@@@@@ @ @ @@@@@ @ @ @@@@@@@ @ @ @@@@@ @@@@@ @@@ @ @ @ @ @ @ @ @ @ @ @ @ @ @ @ @ @ @@@@@ @@@@ @ @ @ @ @ @ @ @ @ @ @ @ @ @ @ @ @ @ @ @ @ @ @ @ @ @ @ @ @@@@@ @ @ @ @ @@@@@ @@@@@ @@@
Mt. Holz Science Fiction Society
Club Notice - 06/21/96 -- Vol. 14, No. 51
Table of Contents
Unless otherwise stated, all meetings are in the Middletown cafeteria Wednesdays at noon.
DATE TOPIC 06/25 JEOPARDY (starring our own Rob Mitchell) (check local TV listings) Outside events: The Science Fiction Association of Bergen County meets on the second Saturday of every month in Upper Saddle River; call 201-933-2724 for details. The New Jersey Science Fiction Society meets on the third Saturday of every month in Belleville; call 201-432-5965 for details.
MT Chair: Mark Leeper MT 3F-434 908-957-5619 email@example.com HO Chair: John Jetzt MT 2E-530 908-957-5087 firstname.lastname@example.org HO Librarian: Nick Sauer HO 4F-427 908-949-7076 email@example.com MT Librarian: Mark Leeper MT 3F-434 908-957-5619 firstname.lastname@example.org Distinguished Heinlein Apologist: Rob Mitchell MT 2D-536 908-957-6330 email@example.com Factotum: Evelyn Leeper MT 1F-337 908-957-2070 firstname.lastname@example.org Backissues available at http://www-gbcs.mt.lucent.com/~ecl/MTVOID/backissues.html or http://sf.www.lysator.liu.se/sf_archive/sf-texts/MT_Void/. All material copyright by author unless otherwise noted.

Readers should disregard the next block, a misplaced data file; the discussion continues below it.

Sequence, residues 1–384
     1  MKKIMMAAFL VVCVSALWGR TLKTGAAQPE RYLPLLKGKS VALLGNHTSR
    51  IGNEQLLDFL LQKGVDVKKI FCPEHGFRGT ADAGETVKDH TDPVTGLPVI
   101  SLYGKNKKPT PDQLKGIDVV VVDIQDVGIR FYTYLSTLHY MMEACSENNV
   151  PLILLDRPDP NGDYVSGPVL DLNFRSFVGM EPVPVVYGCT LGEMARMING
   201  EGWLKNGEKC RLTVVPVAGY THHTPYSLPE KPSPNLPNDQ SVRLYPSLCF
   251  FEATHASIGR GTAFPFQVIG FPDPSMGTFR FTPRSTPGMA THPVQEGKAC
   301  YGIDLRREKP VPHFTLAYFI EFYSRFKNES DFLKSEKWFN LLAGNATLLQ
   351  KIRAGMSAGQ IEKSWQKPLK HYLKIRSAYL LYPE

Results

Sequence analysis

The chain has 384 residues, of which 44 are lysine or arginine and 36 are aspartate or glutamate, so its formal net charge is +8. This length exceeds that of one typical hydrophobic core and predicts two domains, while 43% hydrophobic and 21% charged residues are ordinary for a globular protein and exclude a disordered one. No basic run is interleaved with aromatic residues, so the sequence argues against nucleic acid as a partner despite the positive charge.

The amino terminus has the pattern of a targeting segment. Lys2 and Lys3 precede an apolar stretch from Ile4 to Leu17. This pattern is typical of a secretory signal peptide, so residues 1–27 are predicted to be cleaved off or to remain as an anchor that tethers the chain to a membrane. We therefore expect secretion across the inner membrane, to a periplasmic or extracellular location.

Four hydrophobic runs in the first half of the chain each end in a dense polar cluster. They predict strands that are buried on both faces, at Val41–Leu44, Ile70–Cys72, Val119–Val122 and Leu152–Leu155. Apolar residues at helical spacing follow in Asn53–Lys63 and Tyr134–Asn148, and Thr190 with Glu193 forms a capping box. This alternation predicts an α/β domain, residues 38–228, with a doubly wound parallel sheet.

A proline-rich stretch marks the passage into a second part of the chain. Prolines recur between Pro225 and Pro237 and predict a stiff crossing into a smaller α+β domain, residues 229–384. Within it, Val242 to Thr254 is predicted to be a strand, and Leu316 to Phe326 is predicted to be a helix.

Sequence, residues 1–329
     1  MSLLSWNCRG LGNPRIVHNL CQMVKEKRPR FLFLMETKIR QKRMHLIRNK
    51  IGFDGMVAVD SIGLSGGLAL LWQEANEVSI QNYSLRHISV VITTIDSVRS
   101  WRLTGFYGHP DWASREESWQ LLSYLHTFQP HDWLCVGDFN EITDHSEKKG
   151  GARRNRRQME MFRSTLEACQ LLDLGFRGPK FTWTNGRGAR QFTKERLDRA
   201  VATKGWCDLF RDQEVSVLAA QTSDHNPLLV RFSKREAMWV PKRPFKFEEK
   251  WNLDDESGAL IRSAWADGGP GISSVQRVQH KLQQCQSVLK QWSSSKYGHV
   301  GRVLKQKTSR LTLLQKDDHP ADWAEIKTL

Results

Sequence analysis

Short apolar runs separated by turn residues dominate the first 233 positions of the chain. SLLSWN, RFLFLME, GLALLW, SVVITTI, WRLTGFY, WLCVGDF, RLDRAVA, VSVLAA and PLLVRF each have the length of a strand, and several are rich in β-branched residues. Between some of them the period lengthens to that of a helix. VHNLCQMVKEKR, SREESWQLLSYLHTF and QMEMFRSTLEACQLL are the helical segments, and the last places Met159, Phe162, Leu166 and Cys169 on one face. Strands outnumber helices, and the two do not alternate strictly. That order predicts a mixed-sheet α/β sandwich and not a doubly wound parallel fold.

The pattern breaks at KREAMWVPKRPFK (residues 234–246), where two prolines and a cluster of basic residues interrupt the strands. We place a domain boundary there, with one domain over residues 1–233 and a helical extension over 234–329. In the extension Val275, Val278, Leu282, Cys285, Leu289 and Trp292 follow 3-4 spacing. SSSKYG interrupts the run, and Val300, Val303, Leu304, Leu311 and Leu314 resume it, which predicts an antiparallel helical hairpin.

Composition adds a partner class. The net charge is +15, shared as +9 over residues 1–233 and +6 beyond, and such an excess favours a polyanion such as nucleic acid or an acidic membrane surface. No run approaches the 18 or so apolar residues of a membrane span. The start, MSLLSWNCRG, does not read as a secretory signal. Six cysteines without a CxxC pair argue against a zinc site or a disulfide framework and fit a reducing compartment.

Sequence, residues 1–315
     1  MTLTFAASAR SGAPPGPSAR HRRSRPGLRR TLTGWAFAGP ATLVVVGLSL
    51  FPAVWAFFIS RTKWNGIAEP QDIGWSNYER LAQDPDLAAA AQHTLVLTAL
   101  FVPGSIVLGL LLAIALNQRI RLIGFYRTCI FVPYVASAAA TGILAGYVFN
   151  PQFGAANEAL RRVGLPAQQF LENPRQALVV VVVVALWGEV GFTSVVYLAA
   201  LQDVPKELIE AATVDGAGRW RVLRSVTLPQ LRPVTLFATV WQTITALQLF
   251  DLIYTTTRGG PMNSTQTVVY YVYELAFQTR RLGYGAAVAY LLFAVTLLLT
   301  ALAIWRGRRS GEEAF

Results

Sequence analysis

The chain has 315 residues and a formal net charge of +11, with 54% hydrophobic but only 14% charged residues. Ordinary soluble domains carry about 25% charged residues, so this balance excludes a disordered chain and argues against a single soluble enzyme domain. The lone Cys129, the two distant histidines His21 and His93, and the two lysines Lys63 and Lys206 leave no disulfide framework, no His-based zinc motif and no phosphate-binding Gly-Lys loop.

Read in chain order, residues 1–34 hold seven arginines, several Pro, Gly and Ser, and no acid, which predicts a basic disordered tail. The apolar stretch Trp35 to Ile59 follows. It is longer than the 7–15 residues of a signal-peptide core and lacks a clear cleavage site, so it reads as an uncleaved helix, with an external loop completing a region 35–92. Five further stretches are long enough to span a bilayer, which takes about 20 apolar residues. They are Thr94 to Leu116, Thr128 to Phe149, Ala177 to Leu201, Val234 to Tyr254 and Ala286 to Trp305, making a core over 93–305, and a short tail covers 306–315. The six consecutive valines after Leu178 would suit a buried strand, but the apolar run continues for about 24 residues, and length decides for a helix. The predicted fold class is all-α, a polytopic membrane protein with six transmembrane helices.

URL of the week: